Bike store visits, especially for the first time, have certain characteristics. What you look for depends on your status in the buying process. And of course, what your needs are.
First, what I am about to say applies to those that are early in the bike buying process. And those that haven't bought a bike for a long time. The first thing I would recommend is looking at a bike store with a good selection. And when I say good selection, I mean two things. One, a good selection of prices. You want to see low prices so you can get an idea of quality. I would say as low as $200 and as high as $5,000. This will at least give you a basis for the range of bikes that exist. You should ask yourself:
Second, when I say selection in a bike store, I'm referring to the types of bikes. You want to see as many different types of bikes as possible, such as cruisers, hybrid, roads, and mountain bikes. This will allow you to test ride all sorts of different categories. And get a feel for the category that is right for you.
Third, analyze the bike stores credibility by inspecting the mechanics' area. You will want to see a clean and well-kept mechanics' area. See if you can identify at least two stands. This will showcase that they have at least two mechanics on staff.
If you ever need repairs on your bikes, you want to know that your bike's operated on in a good, clean, quality mechanical area. If it was dirty or not well-kept, you could assume that they don't take their repairs seriously. And I'm guessing you don't want to ride a bike or have a bike fixed from a company that doesn't care about the repairs. In addition, this could drag out the waiting time, right?
If they have two mechanic stands, you can assume that when your bike comes in for repair, it won't sit there for a week or two. If you're like me, you want to get your bike fixed and back on the road as soon as possible.
Say you're farther into your search and know the type of bike you want. When you walk into the store, look for signs that signify that they are an authority in that section. So, say you walk in and you want a mountain bike. You see cruiser bikes pictured all over the wall, I would say you're not in the right store. There are a lot of bike shops out there that deal in specific niches. There are some that deal in general assortment of bikes, and it's all kinds of suited to whatever you want. If you want a general use bike, I would say find the store that has a general use selection. If you want a mountain bike, go to the mountain bike store.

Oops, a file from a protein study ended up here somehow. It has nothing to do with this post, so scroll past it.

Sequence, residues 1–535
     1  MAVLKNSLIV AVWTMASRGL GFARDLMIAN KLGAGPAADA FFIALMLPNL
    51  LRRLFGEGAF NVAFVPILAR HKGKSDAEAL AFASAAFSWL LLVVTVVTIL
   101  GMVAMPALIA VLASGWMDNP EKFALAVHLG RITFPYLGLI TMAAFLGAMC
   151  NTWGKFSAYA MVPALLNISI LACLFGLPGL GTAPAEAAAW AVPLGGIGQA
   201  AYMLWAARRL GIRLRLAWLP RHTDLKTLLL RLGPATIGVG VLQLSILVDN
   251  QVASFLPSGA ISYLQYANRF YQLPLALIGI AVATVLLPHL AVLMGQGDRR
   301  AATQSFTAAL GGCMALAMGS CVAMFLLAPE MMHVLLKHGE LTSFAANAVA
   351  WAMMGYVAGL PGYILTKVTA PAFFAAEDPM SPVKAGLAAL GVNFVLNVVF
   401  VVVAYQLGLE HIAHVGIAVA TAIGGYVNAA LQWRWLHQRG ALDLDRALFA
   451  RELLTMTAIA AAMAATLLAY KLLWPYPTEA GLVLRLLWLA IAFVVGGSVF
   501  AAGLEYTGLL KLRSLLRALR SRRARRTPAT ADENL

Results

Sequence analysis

When you walk in, look for cleanliness and general organization. You want a bike store that cares about how their bikes look and how the appearance of the store looks. And there's actually one thing to think about judge the cleanliness of the bikes. Maybe you see bikes that have dust on them. Or look like they've been sitting on the floor for a long time. That's a bad sign. You want to see a shop that keeps their bikes well-kept. They should be wiping them down.
If they've been sitting there for a year, they should be re-greasing the parts. And at least checking the general maintenance of the bikes. You can tell if you get up close and wipe your finger on the frame. If any dust comes off, you can assume that that bike's been sitting there for a long time. However, it could be an opportunity to make a deal on that bike, because the store might want to get rid of it.
People often wonder the difference between buying a bike at a bike store versus a mass market store. This includes Dick's Sporting Goods, Walmart, or Target, so to speak. The number one difference between a bike store and one of those stores is service. For example, say you walk into a Walmart. It's very hard to get the kind of attention you'd get when you walk into a bike store. At a bike store, they're there only to serve the needs of helping someone find a bike.
At Walmart, there might be a general associate walking down an aisle. And they might be able to tell you something. You might have very specific questions around the fitting. You might wonder, "is this bike right for me?" A bike shop will be a better choice. And so service is the biggest differentiator. On top of the service are training and expertise. Bike shops offer expertise. In a mass-market store, people aren't trained to the level of expertise that they would be in a bike store.